The medications currently approved by the U.S. Food and Drug Administration (FDA) for the treatment of Alzheimer’s temporarily improve symptoms by increasing the amount of specific neurotransmitters in the brain.  However, they do not address the accumulation of abnormal proteins or brain cell injury and, thus, do not treat the underlying cause of the disease.  The first medication approved by the FDA for the treatment of Alzheimer’s was donepezil in 1996.  The last was memantine in 2003.  There have been no new/novel treatments approved by the FDA for the treatment of Alzheimer’s since 2003.  From 2002-2012, 244 drugs for Alzheimer’s were tested in clinical trials, and only one went on to receive FDA approval.

Currently, a worldwide quest is underway to find new treatments to stop, slow or even prevent Alzheimer’s.  The last 10-years have seen tremendous growth in research on early detection, and researchers believe that early detection will be key in preventing, slowing and stopping the disease.  There is a new wave of optimism in the scientific community about Alzheimer’s treatments.

As eloquently stated by Bill Thies, PhD, Senior Scientist in Residence with the Alzheimer’s Association:  “Despite increasing momentum in Alzheimer’s research, we still have two main obstacles to overcome.  First, we need volunteers for clinical trials.  Volunteering to participate in a study is one of the greatest ways someone can help move Alzheimer’s research forward.  Second, we need a significant increase in federal research funding.  Investing in research now will cost our nation far less than the cost of care for the rising number of Americans who will be affected by Alzheimer’s in the coming decades.”

Here at JCCR, we understand the importance of recognizing cognitive decline and identifying Alzheimer’s in its early stages.  Recent scientific breakthroughs provide hope that new treatments can prevent accumulation of abnormal proteins in the brain and markedly slow the disease. We want to help individuals and their healthcare providers identify the early signs of memory changes so that effective interventions can be initiated promptly.  We want to help individuals maintain their memory function and their independence.  We also want to facilitate participation in clinical trials that will help our understanding of memory disorders and lead to treatments that will help maintain memory function.  We look forward to working with you and your healthcare providers.

Erin G. Doty, MD
Neurologist, Board Certified



Memory issues occur commonly and when they begin, one may worry about the onset of Alzheimer’s disease.  While Alzheimer’s may cause memory loss, memory loss is also a symptom of many reversible conditions. Early memory testing is crucial to determine the cause of memory loss to help reverse it before it becomes permanent.

For example, certain over-the-counter medications have been associated with dementia. A recent study came out this month linking Benadryl to dementia. Benadryl has many uses, including allergy symptom relief. The active ingredient in Benadryl is diphenhydramine. This drug blocks the action of acetylcholine (anticholinergic effect) and is used as a sedative because it causes drowsiness. 1 Diphenhydramine is used in most over-the-counter sleeping pills, for motion sickness, and other allergy medications.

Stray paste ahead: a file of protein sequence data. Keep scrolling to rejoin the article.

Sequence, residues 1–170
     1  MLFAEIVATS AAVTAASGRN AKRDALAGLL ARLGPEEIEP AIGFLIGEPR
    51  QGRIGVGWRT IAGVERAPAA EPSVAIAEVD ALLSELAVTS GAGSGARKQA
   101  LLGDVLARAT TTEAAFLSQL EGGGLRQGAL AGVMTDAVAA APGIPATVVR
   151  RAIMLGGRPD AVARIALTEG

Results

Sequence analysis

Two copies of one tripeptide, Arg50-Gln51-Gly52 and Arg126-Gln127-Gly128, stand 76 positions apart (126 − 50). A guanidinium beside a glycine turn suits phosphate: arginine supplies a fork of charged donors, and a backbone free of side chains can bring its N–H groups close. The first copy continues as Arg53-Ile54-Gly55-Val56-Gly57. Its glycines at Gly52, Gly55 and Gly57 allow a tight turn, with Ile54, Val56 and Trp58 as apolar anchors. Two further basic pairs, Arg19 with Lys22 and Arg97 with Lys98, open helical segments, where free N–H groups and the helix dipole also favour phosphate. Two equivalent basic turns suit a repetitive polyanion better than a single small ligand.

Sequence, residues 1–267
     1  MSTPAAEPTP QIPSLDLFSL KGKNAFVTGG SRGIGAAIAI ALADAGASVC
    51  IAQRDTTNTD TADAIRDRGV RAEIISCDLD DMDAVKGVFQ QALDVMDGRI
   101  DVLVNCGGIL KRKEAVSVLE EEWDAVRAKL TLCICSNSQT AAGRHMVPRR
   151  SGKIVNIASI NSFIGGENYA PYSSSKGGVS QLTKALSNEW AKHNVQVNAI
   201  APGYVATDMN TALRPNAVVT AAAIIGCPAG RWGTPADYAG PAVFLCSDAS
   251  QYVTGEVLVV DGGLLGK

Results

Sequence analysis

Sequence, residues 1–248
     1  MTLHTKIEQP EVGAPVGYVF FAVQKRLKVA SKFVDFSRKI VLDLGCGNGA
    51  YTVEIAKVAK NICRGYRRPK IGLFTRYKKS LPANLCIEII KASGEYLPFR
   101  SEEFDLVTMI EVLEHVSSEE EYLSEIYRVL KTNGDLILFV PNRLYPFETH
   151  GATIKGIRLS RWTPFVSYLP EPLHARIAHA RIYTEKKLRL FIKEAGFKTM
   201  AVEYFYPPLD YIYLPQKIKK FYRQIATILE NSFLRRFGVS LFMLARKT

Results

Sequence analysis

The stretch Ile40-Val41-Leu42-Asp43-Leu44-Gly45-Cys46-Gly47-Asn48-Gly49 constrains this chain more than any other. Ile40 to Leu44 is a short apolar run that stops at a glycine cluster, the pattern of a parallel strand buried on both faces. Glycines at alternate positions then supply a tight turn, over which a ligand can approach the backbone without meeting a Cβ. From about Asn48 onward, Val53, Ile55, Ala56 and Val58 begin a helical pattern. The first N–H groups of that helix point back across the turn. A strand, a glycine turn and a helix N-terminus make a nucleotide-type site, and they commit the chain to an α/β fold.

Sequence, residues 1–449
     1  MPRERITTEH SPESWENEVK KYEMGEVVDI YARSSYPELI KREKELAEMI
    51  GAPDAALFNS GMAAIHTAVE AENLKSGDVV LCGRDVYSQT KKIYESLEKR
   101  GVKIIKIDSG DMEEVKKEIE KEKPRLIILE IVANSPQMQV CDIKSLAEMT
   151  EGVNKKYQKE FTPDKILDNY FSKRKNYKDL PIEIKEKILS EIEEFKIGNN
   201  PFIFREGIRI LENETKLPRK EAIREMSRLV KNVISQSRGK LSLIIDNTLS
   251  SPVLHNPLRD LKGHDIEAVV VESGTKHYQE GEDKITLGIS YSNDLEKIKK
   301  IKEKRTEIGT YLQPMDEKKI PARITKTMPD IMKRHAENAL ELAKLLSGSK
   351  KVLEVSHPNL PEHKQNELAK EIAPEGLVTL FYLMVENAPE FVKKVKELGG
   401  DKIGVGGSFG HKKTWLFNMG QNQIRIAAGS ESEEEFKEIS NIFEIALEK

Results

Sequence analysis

A study completed in 2015 at the University of Washington showed the longer and more consistently people took anticholinergics, the more likely they were to develop dementia. Other drugs that contain anticholinergics are used to treat diseases like asthma, incontinence, gastrointestinal cramps, and muscular spasms. They are also prescribed for depression and sleep disorders. 2

While we do not fully understand dementia, we do know that the neurotransmitter acetylcholine is important in brain processing and memory.  We know that the acteylcholinesterase inhibitors (drugs like Aricept (donepezil), Exelon (rivastigmine) and Razadyne (galantamine) which inhibit the breakdown of acetylcholine, do provide symptomatic improvement in affected patients.

It would seem that taking a combination of acetylcholinesterase (cholinergic) with an anticholinergic drug (such as Benadryl) is probably not a good idea.  In fact a recent study showed 16% of Alzheimer’s patients living independently were doing just that.
This 2015 study is backed up by another study that came out this month offering the most definitive proof yet, that anticholinergic drugs are linked with cognitive impairment and increased risk of dementia. Using brain imaging they found that patients taking anticholinergic drugs indeed had lower metabolisms and reduced brain sizes.

The bottom line is that given all the research evidence, you should be aware that these over-the-counter medicines may reduce the effectiveness of your prescription medicines. If you or a loved is worried about memory loss, the first step is to get tested to see if it’s from a treatable or reversible cause. Jacksonville Center for Clinical Research offers a professional memory screening for no cost to you. Make an appointment today to help put your mind at ease.